In 2012 almost 1.3 million lives were lost to cancer in Europe alone. Nearly half of cancer deaths can be avoided with more preventive action to address and mitigate the risks. While we aim to reduce the incidence of cancer by tackling major life-style determinants, such as smoking, nutrition and physical activity, screening remains a very effective prevention tool. Regular and systematic examinations can detect the disease early, when it is more responsive to
less aggressive treatment. Followed by appropriate care, these examinations can significantly reduce cancer mortality and improve the quality of life of cancer patients.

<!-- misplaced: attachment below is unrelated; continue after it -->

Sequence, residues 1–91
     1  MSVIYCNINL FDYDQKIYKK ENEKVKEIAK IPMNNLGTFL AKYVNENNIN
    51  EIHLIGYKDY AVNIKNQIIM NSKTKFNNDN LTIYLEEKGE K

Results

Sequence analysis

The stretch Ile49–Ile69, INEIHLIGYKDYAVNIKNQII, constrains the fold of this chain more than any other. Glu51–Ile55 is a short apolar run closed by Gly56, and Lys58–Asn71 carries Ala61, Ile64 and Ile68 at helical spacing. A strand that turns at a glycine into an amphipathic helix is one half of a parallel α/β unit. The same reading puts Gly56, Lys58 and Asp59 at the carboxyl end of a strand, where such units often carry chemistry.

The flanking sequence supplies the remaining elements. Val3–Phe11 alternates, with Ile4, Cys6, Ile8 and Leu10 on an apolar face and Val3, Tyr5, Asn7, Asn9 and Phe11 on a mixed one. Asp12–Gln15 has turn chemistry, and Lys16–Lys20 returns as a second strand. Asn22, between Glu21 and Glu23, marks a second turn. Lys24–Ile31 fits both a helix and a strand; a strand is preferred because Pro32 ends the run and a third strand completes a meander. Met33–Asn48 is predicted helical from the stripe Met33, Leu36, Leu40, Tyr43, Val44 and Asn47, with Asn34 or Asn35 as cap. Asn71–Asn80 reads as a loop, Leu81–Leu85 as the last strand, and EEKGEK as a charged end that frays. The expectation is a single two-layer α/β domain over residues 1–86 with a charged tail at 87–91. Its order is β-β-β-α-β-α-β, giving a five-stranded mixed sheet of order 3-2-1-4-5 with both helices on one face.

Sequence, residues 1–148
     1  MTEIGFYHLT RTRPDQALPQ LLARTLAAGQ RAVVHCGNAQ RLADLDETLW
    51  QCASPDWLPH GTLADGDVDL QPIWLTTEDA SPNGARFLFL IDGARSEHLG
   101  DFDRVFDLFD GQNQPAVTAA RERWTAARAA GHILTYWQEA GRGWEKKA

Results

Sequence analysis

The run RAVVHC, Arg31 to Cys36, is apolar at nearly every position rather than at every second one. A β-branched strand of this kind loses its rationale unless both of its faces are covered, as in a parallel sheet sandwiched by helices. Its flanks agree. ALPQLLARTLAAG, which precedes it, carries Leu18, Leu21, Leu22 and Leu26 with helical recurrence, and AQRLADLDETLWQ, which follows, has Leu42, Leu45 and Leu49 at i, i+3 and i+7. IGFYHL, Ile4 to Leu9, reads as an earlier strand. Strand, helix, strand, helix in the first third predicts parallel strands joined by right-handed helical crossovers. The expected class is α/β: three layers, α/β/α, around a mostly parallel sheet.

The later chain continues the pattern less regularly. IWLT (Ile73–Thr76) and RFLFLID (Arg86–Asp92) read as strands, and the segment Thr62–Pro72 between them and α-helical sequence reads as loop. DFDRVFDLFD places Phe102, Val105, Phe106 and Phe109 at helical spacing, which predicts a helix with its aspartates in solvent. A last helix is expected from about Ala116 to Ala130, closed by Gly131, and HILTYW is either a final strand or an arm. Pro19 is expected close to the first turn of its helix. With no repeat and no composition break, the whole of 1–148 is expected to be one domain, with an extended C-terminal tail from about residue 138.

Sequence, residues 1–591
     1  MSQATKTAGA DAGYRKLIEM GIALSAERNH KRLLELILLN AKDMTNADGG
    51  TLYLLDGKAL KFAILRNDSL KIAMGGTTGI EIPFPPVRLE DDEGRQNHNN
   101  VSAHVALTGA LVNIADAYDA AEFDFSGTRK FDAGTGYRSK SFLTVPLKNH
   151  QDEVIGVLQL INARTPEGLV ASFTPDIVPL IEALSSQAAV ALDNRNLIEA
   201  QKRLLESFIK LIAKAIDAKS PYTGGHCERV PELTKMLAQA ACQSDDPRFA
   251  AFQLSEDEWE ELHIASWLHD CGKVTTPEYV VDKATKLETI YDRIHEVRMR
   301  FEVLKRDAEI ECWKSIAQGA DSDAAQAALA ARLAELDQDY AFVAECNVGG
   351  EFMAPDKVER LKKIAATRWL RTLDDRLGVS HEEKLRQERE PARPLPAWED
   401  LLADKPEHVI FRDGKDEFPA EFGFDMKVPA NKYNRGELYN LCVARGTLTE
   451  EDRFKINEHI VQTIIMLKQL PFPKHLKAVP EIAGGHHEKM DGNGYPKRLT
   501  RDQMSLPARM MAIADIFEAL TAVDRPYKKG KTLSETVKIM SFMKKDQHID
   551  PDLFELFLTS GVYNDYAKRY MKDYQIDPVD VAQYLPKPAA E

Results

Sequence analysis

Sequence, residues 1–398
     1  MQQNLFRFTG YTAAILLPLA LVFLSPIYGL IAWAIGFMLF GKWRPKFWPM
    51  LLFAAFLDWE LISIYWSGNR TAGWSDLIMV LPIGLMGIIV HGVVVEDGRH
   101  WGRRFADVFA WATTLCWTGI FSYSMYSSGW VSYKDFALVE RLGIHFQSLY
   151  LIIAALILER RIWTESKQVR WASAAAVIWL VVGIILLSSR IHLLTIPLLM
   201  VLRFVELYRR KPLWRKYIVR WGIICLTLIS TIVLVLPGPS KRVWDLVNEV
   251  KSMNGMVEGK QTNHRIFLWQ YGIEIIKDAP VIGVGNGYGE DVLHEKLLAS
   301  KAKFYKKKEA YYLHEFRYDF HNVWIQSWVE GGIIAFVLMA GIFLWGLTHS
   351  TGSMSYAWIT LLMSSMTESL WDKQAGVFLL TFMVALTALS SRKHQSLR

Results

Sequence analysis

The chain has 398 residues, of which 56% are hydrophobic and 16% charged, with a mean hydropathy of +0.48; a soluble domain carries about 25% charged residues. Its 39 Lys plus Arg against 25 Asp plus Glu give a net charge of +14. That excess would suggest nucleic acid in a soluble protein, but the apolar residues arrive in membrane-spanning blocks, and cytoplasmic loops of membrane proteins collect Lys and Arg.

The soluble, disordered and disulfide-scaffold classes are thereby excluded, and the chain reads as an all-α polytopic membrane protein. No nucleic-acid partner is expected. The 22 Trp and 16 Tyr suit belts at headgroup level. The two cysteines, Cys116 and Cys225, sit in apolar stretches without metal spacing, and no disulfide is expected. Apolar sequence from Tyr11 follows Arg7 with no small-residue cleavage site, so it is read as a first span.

In 2003, the Council of the EU had issued recommendations setting out principles of best practice in the early detection of cancer. The recommendations called on all EU countries to take common action to implement
national, population-based screening programmes for breast, cervical and colorectal cancer. A first report analysing the state of implementation followed in 2008 and showed that, despite progress being made, Member States still had fallen short of the target set for the minimum number of examinations by more than 50%.
The second report has now been published and allows the comparison of the national programmes by these  indicators and may eventually pave the way to define common benchmarks for cancer screening programmes in the EU.
To download the report on cancer screening in the EU from the website